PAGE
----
As already described in FIG. 6, the analog control value SWA1 at point 154 is fed to point 156 via high-resistance resistor 152. The current u of the stator winding 114 and thus also the current through the measuring resistor 87 are determined by the potential u_156 at point 156. Is this stream negative, this is called a braking current i_2 '. If this braking current rises above a value which is determined by the pulse duty factor of PWMJ-, the current limiter 161 immediately pulls the potential at point 156 upwards and thereby increases PWM2 so much that the braking current i_2 'maximally that by PWMJ - can assume the specified value.

The signal PWMJ- is fed from the controller 24 to the input 308. The amplitude of the PWMJ- pulses is +5 V.

At maximum braking current i_2 '(here: 5 A), the voltage u_2' at measuring resistor 87 is approx. 0.2 V here, i.e. point 88 is then 0.2 V more negative than GND. At zero braking current, point 88 has ground potential.

Accordingly, the voltage divider formed by resistors 160 (e.g. 1 kΩ) and 162 (e.g. 22 kΩ) at negative input 170 of comparator 167 has the following potentials: With an amplitude of the braking current of 0 A:

5 V / 23 = 0.22 V ... (6)

With an amplitude of the braking current of 5 A:

-0.2 V + 5.2 V / 23 = +0.02 V ... (7)

FIG. 9A shows typical potential profiles u_2 "at the minus input 170 when a braking current i_2 'is flowing. In the pulse pauses, for example between t21 and t22, there is a potential of approximately +0.22 V, and this potential drops with a braking current pulse a value that is lower, the higher the amplitude of the braking current pulse.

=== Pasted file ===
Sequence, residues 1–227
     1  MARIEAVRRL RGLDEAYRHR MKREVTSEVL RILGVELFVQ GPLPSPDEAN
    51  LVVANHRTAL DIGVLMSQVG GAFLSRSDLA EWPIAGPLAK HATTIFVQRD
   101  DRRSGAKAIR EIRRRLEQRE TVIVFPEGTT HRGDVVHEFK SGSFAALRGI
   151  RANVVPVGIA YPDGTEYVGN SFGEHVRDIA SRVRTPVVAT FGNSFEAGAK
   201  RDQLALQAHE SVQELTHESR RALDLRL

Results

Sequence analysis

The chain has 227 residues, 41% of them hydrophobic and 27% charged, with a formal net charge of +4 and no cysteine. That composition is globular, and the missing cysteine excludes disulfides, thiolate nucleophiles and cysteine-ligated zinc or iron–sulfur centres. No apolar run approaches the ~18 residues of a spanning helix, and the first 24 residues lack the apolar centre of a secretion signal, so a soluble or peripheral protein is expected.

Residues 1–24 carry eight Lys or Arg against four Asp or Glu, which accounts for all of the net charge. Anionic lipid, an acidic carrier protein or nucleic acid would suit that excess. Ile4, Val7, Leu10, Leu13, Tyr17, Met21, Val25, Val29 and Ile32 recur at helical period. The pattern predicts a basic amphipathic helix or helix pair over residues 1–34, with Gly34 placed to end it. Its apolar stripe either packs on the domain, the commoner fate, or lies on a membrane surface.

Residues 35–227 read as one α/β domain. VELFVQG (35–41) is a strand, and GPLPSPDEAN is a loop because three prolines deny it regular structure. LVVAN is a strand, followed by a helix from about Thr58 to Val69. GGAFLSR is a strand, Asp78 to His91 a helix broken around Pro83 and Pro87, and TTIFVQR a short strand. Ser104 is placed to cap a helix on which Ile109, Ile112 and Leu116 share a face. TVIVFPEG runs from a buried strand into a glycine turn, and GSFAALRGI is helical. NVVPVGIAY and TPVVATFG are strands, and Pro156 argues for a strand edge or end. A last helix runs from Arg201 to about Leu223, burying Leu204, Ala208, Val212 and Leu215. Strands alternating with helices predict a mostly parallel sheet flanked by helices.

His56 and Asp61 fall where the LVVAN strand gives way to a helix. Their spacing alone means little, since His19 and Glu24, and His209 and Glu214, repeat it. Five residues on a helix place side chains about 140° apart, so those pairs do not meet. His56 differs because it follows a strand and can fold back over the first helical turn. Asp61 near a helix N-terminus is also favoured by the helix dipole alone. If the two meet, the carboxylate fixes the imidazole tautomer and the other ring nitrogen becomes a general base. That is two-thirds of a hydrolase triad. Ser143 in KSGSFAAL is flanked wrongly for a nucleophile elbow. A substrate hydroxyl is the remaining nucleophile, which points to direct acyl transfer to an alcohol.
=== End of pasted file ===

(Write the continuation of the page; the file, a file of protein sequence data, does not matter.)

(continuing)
The potential PHI2 at the plus input 168 of the comparator 167 is determined by the pulse duty factor of the signal PWMJ-, its amplitude (here: + 5 V), and the voltage divider ratio of the resistors 320 (e.g. 22 kΩ) and 166 (e.g. 10 kΩ).

With a pulse duty factor of the PWMJ- signal of 0% (corresponding to a maximum braking current), the voltage at input 308 is 0 V, and consequently the potential PHI2 at plus input 168 is 0 V.

With a duty cycle of 100%, there is always a voltage of +5 V at input 308, and the voltage divider 320, 166 results in a potential PHI2 of (5 V * 10 kΩ) / (10 kΩ + 220 kΩ) = 5 V / 23 = 0.22 V ... (8)

As the pulse duty factor of the PWMJ- signal, i.e. the braking current decreases, the potential PHI2 increases from 0 V to + 0.22 V. 9A shows a potential PHI2 of approximately 0.1 V, which would correspond to a target braking current of approximately 2.6 A in this example.

If the potential at the minus input 170 is more positive than the potential PHI2 at the plus input 168, the output 172 of the comparator 167 is connected internally to ground. As a result, diode 176 blocks and the potential of points 146 and 156 is reduced by a current to point 154. In this case point 154 has a low potential, e.g. with PWM1 = 0% a potential of 0 V. (PWM1 is preferably speed-dependent when braking and increases with increasing speed e.g. from 0% to 50%.)